Vasectomy Reversal Better With Same Partner as Prior to Vasectomy-Georgia Vasectomy Reversal

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If nothing else…this article is interesting. Although the most common cause of desiring a vasectomy reversal is a male who has had children and a vasectomy has remarried someone with no children. This study showed that %17 of the time a reversal is desired by a couple who have had a vasectomy and now desire more children. Their success rate is higher than if the male remarries and has a reversal.

Vasectomy Reversal Better With Same Partner as Prior to Vasectomy 

Urology – July 30, 2015 – Vol. 32 – No. 12

Vasectomy reversal success in regard to clinical pregnancy is improved if the patient has the same partner before and after vasectomy.

Article Reviewed: Higher Outcomes of Vasectomy Reversal in Men With the Same Female Partner as Before Vasectomy. Ostrowski KA, Polackwich AS, et al: J Urol; 2015;193 (January): 245-247.

Background: Vasectomy reversal is requested by around 6% of men who previously had undergone a vasectomy and desire subsequent fertility. Frequently, this is due to a new relationship; however, some couples desire another child or may have lost a child. Two small prior studies have suggested improved pregnancy rates following vasectomy reversal with the same partner as before vasectomy.

Objective: To determine if clinical pregnancy and birth rates are higher for men undergoing vasectomy reversal with the same female partner.

Design: Retrospective review of a prospectively collected database.

Methods: All patients from a single surgeon were reviewed from 1978 to 2011. Obstructive interval, surgery type, vasal fluid character, and sperm character were recorded. Men either self-reported pregnancy and birth rates or completed a survey response. All patients had at least 12 months of follow-up data.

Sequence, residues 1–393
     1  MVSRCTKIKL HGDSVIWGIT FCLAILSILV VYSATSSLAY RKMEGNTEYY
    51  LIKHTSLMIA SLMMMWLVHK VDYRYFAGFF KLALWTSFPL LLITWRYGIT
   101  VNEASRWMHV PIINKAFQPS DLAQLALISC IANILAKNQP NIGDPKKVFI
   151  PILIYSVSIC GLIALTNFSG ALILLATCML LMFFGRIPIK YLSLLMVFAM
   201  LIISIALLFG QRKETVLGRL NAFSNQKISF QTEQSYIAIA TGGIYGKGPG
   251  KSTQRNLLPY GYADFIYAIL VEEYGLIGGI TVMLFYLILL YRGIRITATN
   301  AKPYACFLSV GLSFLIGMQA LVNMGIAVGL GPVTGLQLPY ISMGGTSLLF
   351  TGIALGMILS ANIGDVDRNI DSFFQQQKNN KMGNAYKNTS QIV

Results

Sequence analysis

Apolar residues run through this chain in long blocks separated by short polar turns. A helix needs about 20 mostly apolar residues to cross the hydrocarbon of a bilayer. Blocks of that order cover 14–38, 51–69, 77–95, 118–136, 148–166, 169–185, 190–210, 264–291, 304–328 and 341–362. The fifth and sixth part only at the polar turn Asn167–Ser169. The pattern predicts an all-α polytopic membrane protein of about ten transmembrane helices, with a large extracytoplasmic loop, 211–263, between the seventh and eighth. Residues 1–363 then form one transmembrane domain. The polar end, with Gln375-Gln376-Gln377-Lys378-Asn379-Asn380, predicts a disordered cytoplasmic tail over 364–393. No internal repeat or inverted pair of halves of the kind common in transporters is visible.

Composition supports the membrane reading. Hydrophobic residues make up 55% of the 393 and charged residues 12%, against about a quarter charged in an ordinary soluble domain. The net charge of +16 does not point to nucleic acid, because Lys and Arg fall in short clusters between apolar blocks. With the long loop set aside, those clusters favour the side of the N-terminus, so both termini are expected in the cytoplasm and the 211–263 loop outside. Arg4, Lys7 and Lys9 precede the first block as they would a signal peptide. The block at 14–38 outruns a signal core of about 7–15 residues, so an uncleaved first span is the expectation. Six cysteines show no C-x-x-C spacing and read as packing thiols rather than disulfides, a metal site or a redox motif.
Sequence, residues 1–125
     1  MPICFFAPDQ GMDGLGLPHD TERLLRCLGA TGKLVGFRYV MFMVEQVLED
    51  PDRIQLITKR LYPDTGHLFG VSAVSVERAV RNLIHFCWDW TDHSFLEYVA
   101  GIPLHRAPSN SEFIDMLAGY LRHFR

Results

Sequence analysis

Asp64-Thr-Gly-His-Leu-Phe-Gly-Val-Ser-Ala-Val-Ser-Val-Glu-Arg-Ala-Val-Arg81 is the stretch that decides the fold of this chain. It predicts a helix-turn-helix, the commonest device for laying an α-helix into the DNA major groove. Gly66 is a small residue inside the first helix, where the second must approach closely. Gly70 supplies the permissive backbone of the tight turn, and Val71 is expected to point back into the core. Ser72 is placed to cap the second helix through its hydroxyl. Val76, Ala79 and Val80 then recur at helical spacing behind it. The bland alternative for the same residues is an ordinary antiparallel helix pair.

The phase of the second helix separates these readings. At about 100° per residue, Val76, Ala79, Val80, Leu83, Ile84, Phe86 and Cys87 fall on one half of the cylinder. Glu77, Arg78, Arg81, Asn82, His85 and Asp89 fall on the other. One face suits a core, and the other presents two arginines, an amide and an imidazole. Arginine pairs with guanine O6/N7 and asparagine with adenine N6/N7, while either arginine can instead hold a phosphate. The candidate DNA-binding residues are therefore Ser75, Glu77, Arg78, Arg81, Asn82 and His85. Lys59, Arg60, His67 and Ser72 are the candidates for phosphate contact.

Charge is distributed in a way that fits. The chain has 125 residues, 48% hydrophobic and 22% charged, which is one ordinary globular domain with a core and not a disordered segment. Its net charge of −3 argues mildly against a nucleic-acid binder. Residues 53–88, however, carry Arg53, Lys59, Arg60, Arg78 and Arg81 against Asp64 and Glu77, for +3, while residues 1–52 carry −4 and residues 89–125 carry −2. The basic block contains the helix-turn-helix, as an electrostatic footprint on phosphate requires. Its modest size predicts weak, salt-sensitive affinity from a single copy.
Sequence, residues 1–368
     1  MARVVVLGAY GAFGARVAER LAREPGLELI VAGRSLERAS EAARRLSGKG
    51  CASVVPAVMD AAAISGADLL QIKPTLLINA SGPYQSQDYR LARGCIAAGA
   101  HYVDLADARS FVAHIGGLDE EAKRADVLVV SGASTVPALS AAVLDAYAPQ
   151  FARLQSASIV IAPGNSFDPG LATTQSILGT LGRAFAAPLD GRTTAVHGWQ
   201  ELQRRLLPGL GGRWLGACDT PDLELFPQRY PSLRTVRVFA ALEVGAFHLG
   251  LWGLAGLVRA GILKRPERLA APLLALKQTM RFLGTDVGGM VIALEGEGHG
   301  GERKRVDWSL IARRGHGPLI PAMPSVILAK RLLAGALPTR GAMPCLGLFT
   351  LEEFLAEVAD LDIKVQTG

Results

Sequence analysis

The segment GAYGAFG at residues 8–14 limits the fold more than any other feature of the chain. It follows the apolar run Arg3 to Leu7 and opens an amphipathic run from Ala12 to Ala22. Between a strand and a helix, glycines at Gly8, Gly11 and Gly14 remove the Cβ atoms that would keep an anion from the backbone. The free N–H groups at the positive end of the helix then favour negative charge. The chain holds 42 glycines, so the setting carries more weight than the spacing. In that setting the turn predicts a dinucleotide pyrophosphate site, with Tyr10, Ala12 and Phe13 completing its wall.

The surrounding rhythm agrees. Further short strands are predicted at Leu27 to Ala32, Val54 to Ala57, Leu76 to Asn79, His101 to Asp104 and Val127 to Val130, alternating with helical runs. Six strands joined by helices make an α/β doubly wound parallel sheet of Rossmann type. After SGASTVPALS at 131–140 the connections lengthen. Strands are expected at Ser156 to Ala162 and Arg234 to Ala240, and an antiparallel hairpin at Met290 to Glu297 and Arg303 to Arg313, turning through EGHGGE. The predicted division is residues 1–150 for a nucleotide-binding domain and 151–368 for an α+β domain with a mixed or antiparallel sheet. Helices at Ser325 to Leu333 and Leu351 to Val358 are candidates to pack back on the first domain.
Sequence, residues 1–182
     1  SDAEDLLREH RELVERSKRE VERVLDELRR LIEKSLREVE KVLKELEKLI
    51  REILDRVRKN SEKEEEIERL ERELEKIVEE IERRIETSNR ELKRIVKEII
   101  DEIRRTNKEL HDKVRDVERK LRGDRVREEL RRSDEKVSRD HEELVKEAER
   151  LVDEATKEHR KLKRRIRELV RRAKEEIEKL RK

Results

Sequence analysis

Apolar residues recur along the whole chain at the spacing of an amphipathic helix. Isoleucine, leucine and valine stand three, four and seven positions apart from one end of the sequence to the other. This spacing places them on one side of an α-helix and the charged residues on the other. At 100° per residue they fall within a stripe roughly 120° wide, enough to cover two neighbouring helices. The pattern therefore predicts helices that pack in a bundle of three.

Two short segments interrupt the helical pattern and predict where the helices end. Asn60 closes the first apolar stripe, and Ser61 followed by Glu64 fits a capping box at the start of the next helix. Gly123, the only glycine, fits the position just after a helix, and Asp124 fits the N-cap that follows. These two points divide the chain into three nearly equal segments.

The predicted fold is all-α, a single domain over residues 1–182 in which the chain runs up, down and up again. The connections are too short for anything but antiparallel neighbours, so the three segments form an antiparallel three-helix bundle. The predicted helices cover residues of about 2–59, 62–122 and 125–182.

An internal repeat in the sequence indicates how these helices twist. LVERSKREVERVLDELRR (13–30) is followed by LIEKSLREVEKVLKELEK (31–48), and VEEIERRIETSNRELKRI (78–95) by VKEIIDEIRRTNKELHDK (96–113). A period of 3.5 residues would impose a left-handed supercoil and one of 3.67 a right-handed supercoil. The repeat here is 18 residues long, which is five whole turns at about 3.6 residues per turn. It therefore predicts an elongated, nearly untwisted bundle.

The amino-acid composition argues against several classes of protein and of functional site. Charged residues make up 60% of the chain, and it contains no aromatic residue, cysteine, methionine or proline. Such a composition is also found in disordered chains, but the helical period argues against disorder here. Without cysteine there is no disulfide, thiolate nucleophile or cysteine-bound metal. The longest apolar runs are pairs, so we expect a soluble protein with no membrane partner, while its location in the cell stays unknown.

Results: Over the time frame, 3135 men underwent vasectomy reversal; 17% (524 men) undergoing vasectomy reversal had the same female partner. A total of 258 (49%) responded to the survey, and 89% (229) underwent bilateral vasectomy reversal. The average patient and partner age was significantly higher in the same partner group compared to the new partner group, although the same partner group had a significantly shorter obstructive interval at 5.65 years versus 9.23 years. Overall, the clinical pregnancy rate for men with the same partner was 83% compared with 60% in men with a new partner. After regression, this maintained an odds ratio of 2 and was significant.

Conclusions: Men undergoing vasectomy reversal with the same partner experience a higher pregnancy rate compared men with a new partner.

Reviewer’s Comments: This article supports prior articles by Kolettis et al and Goldstein et al. The larger number of patients provides an excellent dataset even though it is a single surgeon. The success rates are substantially higher and maintain significance, even after controlling for ages and obstructive interval. It is also useful to have typical data of a 60% pregnancy rate for those with a new partner. Many patients are interested in “success” following surgery, and this is not solely a desire to have sperm return to the ejaculate. There are limitations, however, because the survey results were returned by only 49% of patients, leaving the potential for reporting bias. Overall, this information is useful when counseling patients with the same partner as prior to vasectomy.(Reviewer–Gregory Lowe, MD).

 

Author: Ostrowski KA, Polackwich AS, et al
Author Email: hedgesja@ohsu.edu

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